If the aircraft weighs less than 6 tonnes it can bear provisional Argentine registration if it is connected with a carrier holding commercial authority (article 43 AAC).

Argentina is already a party to the Cape Town Convention and Protocol. See question 1.

Mortgage register

Is there a register of aircraft mortgages or charges? How does it function?

Mortgages and any rights on aircraft are registered at the Public Aircraft Registry.

A public or private instrument duly notarised and legalised by the nearest Argentine consulate or apostilled if the transaction was implemented outside Argentina, is necessary for registration (AAC sections 45, 52, 53 and sections 1 and 28 of Executive Decree 4907/73).

The Aircraft Registry is ruled by the AAC and Executive Decree 4907/73. The Registry updates the regulations that the parties need to comply with.

However, since Argentina has ratified the Cape Town Convention, these rules are being modified, as the convention and its protocol are in force.


What rights are there to detain aircraft, in respect of unpaid airport or air navigation charges, or other unpaid debts?

Section 73 of the AAC sets forth the only five scenarios where an aircraft may be detained, as follows:

  • in the case of a judicial sentence being executed;
  • in the case of credits being granted for the accomplishment of a trip;
  • in the case of unpaid credits originating in an aircraft’s contract of sale;
  • in the case of unpaid airport fees for more than three months (according to Executive Decree 1674/1976); and
  • in the case of non-compliance with certain regulations (deportees) set forth in the Immigration Law No. 25.871 (article 48).

Finally, it should be noted that Argentina is a party to the Convention for the Unification of Certain Rules relating to the Precautionary Attachment of Aircraft (Law No. 23.111).


Do specific rules regulate the maintenance of aircraft? What are they?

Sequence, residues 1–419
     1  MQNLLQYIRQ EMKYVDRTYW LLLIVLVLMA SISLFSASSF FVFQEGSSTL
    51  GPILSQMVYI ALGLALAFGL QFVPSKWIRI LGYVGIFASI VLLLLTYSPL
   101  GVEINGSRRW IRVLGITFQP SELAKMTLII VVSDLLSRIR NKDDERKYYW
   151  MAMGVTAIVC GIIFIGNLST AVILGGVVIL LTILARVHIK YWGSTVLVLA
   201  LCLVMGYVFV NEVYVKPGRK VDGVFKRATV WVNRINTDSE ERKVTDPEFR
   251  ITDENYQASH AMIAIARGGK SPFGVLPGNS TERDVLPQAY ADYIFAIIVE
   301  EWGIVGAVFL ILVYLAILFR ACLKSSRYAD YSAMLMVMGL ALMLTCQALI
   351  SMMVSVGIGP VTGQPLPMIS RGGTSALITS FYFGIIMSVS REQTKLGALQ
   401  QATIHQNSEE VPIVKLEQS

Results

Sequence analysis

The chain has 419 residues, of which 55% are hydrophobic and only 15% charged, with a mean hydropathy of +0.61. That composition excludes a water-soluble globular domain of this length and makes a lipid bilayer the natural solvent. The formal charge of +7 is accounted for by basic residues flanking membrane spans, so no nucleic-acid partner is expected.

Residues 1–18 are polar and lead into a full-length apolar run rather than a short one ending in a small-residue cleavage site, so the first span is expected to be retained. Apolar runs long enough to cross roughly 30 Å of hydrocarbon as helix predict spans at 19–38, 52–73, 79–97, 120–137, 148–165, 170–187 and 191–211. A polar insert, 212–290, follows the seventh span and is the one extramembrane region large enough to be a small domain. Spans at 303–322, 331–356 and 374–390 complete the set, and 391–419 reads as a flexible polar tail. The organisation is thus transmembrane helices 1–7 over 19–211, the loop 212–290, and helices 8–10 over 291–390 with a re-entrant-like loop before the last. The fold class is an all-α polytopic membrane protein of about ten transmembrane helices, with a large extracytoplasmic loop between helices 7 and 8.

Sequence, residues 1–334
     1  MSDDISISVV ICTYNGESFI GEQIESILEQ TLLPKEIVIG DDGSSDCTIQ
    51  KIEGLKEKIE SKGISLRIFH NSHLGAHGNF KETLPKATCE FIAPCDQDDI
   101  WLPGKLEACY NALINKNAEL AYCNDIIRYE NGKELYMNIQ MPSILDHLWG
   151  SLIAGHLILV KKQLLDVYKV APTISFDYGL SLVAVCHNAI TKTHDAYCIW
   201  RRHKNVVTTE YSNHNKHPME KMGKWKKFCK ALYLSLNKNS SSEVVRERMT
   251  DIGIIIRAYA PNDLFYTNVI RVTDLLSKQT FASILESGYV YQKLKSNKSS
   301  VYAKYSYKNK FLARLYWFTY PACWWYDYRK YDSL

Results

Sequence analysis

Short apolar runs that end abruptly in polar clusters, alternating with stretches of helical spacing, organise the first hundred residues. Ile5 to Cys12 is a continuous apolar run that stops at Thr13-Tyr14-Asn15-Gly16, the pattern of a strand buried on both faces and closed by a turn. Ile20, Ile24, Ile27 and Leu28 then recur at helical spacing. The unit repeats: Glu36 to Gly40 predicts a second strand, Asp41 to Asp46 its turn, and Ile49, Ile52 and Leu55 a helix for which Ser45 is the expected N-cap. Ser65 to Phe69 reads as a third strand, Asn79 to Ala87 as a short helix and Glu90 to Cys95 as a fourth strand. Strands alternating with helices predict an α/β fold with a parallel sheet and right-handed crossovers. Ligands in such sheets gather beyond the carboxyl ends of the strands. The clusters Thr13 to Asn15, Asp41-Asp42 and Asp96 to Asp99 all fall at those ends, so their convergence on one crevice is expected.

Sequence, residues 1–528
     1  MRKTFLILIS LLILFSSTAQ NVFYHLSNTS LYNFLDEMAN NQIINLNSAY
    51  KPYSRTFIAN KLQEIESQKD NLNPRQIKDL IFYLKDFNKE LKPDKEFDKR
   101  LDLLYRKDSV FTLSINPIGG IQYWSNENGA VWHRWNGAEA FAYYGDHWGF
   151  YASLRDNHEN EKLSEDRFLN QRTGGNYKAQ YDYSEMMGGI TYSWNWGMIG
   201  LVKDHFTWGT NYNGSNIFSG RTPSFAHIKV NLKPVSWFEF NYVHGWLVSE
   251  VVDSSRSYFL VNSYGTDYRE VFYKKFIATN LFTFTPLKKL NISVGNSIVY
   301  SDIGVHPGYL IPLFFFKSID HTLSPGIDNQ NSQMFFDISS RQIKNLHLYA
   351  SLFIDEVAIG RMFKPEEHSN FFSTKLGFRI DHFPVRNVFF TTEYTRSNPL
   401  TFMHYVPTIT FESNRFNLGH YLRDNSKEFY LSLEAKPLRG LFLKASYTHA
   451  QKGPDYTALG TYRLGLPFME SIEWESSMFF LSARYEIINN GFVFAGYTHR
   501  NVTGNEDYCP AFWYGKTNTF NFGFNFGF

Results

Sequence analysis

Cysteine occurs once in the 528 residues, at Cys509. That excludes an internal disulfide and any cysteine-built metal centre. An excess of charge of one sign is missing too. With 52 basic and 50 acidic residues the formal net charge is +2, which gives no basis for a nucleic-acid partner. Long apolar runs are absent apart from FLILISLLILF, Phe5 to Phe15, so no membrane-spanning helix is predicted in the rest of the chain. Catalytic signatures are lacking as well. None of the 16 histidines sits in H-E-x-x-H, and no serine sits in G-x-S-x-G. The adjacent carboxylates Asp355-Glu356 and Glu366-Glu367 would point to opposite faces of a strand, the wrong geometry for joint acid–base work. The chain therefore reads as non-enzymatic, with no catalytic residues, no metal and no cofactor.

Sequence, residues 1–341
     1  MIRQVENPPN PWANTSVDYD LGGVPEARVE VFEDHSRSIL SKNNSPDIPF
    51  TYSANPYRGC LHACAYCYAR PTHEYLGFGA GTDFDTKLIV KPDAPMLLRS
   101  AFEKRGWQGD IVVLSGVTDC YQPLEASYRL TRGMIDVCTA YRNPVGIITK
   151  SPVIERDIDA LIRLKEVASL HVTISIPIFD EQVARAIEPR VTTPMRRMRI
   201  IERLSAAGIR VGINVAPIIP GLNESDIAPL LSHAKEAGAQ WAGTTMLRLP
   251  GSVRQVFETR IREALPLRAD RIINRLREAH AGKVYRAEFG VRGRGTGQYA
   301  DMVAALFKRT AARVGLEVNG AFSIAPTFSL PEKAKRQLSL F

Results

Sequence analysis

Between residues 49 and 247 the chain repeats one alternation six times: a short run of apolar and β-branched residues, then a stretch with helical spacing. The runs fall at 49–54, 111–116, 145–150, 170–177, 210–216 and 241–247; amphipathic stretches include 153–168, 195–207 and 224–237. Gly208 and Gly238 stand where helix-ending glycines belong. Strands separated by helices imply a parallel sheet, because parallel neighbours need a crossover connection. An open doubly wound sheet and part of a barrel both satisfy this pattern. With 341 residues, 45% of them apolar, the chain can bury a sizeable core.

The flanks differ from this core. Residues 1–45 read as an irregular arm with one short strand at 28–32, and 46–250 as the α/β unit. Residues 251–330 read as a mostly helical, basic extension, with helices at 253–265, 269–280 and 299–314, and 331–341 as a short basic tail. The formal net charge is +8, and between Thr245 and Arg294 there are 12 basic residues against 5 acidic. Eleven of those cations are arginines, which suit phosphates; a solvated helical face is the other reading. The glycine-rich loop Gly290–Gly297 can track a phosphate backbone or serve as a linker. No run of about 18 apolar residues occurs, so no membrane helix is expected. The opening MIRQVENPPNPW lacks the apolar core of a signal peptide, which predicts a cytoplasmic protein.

Maintenance is regulated by the RAAC and the Regulations of Airworthiness issued by the ANAC. Those regulations apply to all aircraft that bear Argentine registration and also to aircraft with a foreign registration if they are operating for an Argentine carrier.



Who owns the airports?

Section 25 of the AAC establishes that airports may be publicly or privately owned. Public airports are the ones used to public purpose. The others are private. A public airport may be granted as a concession to private entities at public auction.


What system is there for the licensing of airports?

The licences are granted by the executive power by means of public auction.

Economic regulation

Is there a system of economic regulation of airports? How does it function?

For airports that have been privatised, the terms and conditions of the concession are to be complied with by the concessionaire. Such terms and conditions require the concessionaire, among other obligations, to pay a fee and to make certain investments in each of the privatised airports. Some concessionaries must pay a fixed fee, and others pay a percentage of the income they receive.

Investments, control and planning of the privatised airports must be regularly reported to the Regulatory Agency for the National System of Airports (ORSNA) for approval.